Text by David Roberts
On August 1, 2008, in a single disastrous chain of events, 11 climbers were killed high on K2’s Abruzzi Ridge in Pakistan’s Karakoram Range. One of the worst accidents in mountaineering history, it made headlines around the world. Surprisingly, along with outpourings of sympathy for the victims, the tragedy generated a virulent backlash.
The vast majority of the public assumed that the climbers on K2 (a much harder and more dangerous peak than Everest) had duplicated the scenario indelibly captured in Jon Krakauer’s Into Thin Air—affluent novices buying their way into a deadly ordeal. Web posts on the New York Times’s site commented, “Heroes my ass. No one should feel an inch of sympathy for these eggheads” and “They engaged in marginally suicidal behavior and wound up dead. To me, they were stupid and reckless beyond all limits.” Even the great Tirolean mountaineer Reinhold Messner railed against purported “K2 package deals” luring beginners to the mountain, and concluded that “something like this is just pure stupidity.”
Upon further analysis, however, this year’s K2 disaster bore no resemblance to the storm-generated fiasco on Everest in 1996. The climbers who perished on the Abruzzi Ridge were not dilettantes purchasing spots on guided “Yellow Brick Road” expeditions; they were, for the most part, experienced mountaineers. Several had attempted K2 before; several had climbed Everest; and others had performed big-wall climbs in the great ranges.
Most of those who died, it seems, simply happened to be in the wrong place at the wrong time. It was not incompetence that doomed them so much as incredibly bad luck, all of it hinging on the spontaneous collapse of a mass of ice.
“I called it the Motivator,” says Ed Viesturs, “because you sure wanted to get out from under it as quickly as possible.” Viesturs, who climbed K2 in 1992, is referring to a huge overhanging serac above the Bottleneck, a 60-degree couloir at 27,100 feet that most climbers agree poses the trickiest and most dangerous passage on the popular Abruzzi route.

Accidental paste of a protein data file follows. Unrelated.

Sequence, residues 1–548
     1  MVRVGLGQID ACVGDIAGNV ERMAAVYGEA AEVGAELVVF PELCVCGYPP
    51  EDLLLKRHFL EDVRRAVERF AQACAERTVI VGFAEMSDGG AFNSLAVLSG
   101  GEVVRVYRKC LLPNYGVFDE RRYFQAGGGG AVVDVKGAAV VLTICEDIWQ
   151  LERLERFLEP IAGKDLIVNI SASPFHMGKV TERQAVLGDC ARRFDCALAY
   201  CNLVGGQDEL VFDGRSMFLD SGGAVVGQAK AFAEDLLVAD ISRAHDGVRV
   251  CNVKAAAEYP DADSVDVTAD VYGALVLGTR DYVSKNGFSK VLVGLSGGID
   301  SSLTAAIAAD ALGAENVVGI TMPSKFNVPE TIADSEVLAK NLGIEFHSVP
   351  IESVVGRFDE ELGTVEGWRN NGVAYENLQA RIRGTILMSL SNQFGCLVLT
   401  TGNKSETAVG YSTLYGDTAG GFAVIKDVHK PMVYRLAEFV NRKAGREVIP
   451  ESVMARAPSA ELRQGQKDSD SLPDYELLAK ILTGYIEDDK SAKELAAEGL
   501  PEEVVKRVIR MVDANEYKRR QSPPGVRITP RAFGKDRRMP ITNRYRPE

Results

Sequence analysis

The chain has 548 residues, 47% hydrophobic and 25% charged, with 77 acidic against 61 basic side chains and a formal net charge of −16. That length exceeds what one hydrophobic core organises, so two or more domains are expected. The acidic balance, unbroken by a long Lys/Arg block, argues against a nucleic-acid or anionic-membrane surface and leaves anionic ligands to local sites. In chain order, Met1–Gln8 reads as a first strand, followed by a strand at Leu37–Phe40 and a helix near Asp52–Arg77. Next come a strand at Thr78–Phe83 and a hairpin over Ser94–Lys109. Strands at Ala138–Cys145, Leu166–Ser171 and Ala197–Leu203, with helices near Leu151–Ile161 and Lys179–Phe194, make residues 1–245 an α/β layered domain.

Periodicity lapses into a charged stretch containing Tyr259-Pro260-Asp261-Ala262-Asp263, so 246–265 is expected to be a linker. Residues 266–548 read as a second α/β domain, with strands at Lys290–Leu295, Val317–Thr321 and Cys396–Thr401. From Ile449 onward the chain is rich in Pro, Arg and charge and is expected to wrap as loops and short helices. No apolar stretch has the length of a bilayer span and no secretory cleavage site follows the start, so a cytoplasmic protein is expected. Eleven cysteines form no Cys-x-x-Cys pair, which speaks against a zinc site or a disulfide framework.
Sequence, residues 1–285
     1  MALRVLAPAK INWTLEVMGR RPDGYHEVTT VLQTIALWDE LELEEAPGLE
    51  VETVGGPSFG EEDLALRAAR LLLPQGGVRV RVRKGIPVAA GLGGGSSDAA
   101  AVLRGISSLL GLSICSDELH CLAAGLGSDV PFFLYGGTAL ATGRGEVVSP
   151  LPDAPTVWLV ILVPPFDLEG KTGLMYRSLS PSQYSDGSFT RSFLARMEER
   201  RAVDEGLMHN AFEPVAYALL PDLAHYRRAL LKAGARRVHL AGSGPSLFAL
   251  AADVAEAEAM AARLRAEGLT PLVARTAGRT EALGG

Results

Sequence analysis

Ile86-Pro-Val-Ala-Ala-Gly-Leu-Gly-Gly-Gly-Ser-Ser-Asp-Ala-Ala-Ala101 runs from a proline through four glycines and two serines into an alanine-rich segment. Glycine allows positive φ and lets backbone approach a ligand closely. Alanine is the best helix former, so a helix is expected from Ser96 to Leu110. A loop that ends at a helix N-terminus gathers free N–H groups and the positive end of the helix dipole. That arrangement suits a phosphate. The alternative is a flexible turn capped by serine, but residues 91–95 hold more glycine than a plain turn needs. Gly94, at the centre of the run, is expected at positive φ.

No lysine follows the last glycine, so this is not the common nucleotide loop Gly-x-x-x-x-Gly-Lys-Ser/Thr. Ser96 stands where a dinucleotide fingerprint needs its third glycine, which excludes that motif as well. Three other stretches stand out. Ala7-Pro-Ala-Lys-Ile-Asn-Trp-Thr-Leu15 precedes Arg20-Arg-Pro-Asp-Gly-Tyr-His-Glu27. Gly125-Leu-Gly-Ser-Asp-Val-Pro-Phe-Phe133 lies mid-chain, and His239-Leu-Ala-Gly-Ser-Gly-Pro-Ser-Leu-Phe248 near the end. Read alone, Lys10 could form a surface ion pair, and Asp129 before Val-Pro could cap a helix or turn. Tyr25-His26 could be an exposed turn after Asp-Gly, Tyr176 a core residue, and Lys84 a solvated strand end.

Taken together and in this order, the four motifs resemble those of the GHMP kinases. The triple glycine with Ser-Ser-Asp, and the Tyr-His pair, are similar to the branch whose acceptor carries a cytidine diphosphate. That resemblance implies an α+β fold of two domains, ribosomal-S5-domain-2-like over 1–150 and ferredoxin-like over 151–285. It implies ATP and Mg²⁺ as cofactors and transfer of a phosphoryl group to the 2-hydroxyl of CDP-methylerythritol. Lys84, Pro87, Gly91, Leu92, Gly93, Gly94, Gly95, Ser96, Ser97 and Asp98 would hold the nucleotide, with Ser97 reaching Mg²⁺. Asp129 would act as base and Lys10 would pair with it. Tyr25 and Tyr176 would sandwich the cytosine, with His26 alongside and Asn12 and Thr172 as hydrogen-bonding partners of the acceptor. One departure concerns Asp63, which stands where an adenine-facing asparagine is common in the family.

American climber Carlos Buhler, who traversed the same terrain in 1994, concurs. “You break every rule in the book when you go up the Bottleneck,” he says. “That serac is just hanging over you—it’s a nightmare.”
“And yet,” Viesturs adds, “the Motivator looked the same year after year. It seemed to be pretty stable.”
On August 1, after waiting weeks for a window of good weather, some 20 to 30 climbers from separate expeditions set out for the summit. While Dren Mandic, a Serb, and Jehan Baig, a Pakistani, fell to their deaths during the ascent, at least 18 made it to the top. Descending after dark, most were in the vicinity of the Bottleneck when the serac that had hung in place for decades suddenly collapsed and sloughed off the mountain.
As ADVENTURE went to press, the precise sequence of events that snuffed out the lives of three Koreans, two Sherpas from Nepal, a Frenchman, an Irishman, a Norwegian, and another Pakistani was far from clear. Such uncertainties are common in big-range mountaineering. But it seems likely that the collapsing serac took three or four climbers with it on its 9,000-foot plunge to the Godwin-Austen Glacier. And by wiping out the fixed ropes that had been strung up the Bottleneck, the collapse stranded a number of other climbers above the lethal couloir, where they faced a bivouac at some 27,200 feet without shelter, sleeping bags, food, or water. Some of the remaining climbers may have frozen to death, and others may have fallen in desperate efforts to climb down the Bottleneck without fixed ropes. At least four men, however, performed that last-ditch descent successfully, collapsing exhausted into lower camps on the mountain, some of them with severe frostbite.
In the immediate aftermath of the accident, the accounts of the survivors verged on incoherent, and their various stories could not be reconciled. The Italian Marco Confortola, for instance, the last survivor evacuated from base camp, told reporters that he and Irishman Gerard McDonnell had bivouacked above the Bottleneck. After resuming the descent, they were caught in an avalanche. “I saw my friend Gerard’s boots falling among the blocks of ice and snow,” said Confortola. “That was the worst moment.”